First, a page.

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by Julie Curtis

I gave blood today. I followed the signs and found the tall black lounge chairs and plastic cords and blood bags. I came because I read in the paper that there is a summer shortage of blood. My blood’s good and strong; I’m the universal donor, they tell me. I sit next to a computer to tell a man my name, my birthday, and my past history of giving blood.

“When was the last time you gave blood?” he asks.

I fumble in my bag and tell him I used to have a card where I recorded the times I gave blood. “I gave blood about a year ago,” I say. I don’t add that I also gave blood two months ago to my newly divorced aunt, and two months before to my best friend when her boyfriend deserted her. I give blood—lots of it. I’m the universal donor.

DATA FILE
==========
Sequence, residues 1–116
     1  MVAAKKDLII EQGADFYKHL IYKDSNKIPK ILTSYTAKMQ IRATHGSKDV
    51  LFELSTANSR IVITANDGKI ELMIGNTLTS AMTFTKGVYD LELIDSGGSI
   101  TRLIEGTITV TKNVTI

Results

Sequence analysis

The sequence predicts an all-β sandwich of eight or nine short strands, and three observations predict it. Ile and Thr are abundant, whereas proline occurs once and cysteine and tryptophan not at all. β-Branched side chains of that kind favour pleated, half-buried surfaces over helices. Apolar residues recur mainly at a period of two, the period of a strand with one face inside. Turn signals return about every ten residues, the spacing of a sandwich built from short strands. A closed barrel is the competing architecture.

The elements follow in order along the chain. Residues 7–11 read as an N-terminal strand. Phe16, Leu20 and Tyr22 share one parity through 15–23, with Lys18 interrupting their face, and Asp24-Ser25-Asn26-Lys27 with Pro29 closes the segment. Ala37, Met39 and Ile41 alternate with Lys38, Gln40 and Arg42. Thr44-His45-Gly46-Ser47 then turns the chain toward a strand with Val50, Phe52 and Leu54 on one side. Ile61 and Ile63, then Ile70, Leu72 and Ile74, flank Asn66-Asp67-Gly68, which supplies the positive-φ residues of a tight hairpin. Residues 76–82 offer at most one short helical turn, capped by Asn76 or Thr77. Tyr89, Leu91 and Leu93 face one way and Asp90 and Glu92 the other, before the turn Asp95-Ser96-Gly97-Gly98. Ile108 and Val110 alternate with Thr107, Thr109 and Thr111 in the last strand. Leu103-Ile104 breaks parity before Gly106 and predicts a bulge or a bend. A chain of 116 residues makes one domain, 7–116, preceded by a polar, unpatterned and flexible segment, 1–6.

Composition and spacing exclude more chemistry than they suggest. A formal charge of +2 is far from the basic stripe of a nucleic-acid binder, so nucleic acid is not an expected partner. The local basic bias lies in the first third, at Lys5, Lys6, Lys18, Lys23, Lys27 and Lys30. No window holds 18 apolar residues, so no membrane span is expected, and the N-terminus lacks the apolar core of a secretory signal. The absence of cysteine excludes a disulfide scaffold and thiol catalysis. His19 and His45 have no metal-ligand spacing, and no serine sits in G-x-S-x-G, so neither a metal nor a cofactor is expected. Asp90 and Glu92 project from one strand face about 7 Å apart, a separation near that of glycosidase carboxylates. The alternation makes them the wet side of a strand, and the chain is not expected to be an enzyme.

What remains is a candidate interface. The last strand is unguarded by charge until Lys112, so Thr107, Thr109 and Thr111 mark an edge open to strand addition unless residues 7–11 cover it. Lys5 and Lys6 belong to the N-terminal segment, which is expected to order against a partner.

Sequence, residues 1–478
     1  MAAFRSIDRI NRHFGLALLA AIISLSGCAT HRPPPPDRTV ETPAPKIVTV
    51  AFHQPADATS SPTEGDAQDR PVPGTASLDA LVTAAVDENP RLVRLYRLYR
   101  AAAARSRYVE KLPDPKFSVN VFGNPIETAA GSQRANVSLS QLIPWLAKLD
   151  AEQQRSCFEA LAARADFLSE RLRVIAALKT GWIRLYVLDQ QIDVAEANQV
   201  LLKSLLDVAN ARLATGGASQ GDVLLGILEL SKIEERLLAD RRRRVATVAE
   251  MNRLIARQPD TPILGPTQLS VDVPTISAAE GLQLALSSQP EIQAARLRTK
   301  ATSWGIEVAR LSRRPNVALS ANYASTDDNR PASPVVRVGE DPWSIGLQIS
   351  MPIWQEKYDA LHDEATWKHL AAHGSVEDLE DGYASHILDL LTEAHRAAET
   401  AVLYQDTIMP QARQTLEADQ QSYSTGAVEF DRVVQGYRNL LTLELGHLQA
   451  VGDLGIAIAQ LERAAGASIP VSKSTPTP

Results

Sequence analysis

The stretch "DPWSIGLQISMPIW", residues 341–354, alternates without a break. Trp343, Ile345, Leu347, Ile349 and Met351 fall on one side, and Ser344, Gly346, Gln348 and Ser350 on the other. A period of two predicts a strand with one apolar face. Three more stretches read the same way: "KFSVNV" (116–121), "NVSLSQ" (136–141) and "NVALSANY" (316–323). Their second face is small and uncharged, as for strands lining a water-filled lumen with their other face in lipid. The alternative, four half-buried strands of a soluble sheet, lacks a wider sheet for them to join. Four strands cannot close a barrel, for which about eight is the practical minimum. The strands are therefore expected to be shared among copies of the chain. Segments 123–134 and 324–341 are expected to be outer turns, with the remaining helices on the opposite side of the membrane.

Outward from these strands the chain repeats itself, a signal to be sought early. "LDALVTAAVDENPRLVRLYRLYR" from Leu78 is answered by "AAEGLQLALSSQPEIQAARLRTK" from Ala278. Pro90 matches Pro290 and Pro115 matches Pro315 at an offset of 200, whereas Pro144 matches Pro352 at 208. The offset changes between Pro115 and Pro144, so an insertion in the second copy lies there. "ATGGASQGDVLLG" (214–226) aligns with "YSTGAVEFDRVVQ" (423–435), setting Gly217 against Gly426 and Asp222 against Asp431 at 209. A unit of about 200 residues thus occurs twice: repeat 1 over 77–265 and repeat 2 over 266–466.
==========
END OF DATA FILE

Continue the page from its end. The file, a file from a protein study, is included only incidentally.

“Social Security Number?” he asks.

“Five—two—seven . . .,” I tell him slowly, so he gets all the numbers the first time.

“You’ll need to fill out the other side of this card and sign here,” he says as he pushes a card toward me. For some reason he looks irritated. It is computer printed with my name and middle initial, my birthdate and home address, as well as my phone number and blood type.

I fill out the card that asks if I’ve had sexual relations lately, if I’ve taken drugs or money for sex or given money for sex or drugs—no, no, no, no. Have I taken medication (what they want to know is if I’ve taken drugs) or vaccinations or immunizations for vacations? All the words start to sound the same. Again the question, “Have you given blood in the last eight weeks?”